16. #16
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    Awesome - that would be most helpful, thanks.

  17. #17
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    Photobucket


    The Irfz44n transistor I used has a fairly high saturation voltage and won't work with your 4AA setup, I only used it because I had a bunch laying around. It should be fairly easy to find one with a saturation voltage thats under 4 volts which should be all you need to change. I also replaced the variable resistors with fixed ones once I got it flashing at the speed I want.

    The box labeled "tail light" is the two power leds and deal extreme current limiting driver.

    I'll be on vacation this week so if you have any more questions it might take me a while to respond.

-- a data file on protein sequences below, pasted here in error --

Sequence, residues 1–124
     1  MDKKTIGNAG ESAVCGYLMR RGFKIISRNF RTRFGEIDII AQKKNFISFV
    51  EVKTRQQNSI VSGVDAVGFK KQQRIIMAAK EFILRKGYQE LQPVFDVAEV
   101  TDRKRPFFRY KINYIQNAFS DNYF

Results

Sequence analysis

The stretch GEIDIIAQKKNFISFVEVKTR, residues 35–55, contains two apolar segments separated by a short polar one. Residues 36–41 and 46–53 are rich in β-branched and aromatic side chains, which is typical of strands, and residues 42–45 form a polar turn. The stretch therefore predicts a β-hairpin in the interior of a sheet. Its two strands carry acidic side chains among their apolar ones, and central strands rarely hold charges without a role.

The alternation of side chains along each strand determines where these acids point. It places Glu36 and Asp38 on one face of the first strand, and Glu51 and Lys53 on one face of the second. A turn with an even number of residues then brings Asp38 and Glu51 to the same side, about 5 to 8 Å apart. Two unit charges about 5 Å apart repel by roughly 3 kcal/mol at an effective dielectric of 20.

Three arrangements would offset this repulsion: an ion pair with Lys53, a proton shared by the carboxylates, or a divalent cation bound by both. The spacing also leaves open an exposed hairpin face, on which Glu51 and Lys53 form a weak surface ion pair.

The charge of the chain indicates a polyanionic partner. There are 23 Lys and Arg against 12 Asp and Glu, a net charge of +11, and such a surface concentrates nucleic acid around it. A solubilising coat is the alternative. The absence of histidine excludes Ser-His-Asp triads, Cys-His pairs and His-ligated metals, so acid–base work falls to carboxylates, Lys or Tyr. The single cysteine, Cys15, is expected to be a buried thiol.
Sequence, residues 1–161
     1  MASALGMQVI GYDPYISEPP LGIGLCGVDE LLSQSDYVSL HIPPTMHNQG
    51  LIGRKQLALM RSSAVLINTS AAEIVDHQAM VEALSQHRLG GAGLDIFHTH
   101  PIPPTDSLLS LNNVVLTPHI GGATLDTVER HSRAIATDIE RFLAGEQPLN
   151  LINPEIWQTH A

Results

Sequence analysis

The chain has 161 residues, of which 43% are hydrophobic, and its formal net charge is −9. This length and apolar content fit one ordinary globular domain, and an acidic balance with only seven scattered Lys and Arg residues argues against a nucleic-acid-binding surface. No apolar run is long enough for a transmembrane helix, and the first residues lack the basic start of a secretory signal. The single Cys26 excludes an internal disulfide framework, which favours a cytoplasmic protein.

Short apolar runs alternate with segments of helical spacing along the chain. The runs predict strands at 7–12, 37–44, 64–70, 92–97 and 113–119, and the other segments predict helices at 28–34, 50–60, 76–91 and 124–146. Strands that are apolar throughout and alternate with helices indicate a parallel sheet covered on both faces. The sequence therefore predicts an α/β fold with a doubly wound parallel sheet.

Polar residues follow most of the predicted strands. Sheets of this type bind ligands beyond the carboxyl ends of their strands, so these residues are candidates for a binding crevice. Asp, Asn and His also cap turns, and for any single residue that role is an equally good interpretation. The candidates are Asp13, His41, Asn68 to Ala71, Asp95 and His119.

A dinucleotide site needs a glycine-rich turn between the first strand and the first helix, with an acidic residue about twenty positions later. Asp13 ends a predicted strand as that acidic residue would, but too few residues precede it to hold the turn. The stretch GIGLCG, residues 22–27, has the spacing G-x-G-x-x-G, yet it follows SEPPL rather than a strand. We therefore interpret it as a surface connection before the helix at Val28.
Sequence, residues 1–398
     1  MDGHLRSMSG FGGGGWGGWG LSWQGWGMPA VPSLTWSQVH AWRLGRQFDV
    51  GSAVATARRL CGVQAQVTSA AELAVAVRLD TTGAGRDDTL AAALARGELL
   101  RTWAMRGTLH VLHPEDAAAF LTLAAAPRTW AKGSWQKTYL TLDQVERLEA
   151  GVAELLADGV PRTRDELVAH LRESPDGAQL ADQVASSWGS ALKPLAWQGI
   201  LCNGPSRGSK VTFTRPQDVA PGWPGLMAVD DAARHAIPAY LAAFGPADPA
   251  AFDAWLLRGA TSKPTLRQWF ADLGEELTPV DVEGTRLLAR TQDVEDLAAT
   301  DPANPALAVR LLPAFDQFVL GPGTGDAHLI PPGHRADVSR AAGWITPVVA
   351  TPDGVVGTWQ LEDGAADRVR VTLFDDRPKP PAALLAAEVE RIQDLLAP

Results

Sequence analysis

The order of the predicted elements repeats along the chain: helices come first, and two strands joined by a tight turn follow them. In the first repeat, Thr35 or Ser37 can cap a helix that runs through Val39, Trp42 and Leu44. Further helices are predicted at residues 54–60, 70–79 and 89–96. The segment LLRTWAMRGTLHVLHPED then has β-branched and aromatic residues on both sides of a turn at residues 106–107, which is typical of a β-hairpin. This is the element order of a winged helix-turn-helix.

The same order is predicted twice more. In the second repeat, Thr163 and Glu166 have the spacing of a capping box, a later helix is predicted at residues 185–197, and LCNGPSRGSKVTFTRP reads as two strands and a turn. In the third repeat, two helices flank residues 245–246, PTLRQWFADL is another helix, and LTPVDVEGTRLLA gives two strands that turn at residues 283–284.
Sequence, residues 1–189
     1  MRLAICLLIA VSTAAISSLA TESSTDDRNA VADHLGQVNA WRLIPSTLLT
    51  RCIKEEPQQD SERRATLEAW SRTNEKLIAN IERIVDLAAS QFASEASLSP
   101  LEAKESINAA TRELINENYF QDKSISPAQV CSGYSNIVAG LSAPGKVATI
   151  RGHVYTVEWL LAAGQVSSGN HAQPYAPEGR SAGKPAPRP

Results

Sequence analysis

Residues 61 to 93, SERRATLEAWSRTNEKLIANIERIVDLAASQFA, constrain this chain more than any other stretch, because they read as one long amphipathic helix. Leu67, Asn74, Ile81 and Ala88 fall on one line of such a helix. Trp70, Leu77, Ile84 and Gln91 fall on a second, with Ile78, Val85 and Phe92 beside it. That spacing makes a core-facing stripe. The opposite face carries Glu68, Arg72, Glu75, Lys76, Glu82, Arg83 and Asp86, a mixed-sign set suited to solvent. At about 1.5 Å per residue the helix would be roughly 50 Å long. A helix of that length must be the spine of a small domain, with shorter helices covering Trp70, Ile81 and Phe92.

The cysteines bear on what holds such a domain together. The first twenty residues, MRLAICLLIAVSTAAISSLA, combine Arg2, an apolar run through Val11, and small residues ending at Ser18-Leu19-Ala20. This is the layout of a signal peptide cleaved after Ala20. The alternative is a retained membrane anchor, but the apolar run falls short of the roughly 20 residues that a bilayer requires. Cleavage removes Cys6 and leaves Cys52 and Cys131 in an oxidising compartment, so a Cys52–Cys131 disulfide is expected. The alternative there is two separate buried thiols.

18. #18
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    The box labeled "tail light" is the two power leds and deal extreme current limiting driver.
    Which driver did you use for the taillight and are you driving two led's with one driver?

  19. #19
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    I am driving both LEDs with one driver, it is a dealextreme driver found here. Those drivers can be modded by changing a resistor to get different amperage. I am actually overdriving my LEDs a bit by leaving the driver stock (900ma driver on 700ma leds) however I didn't have the right resistor to get 700ma and figured since the leds are off most of the time with the flashing that there wouldn't be any risk of overheating.

  20. #20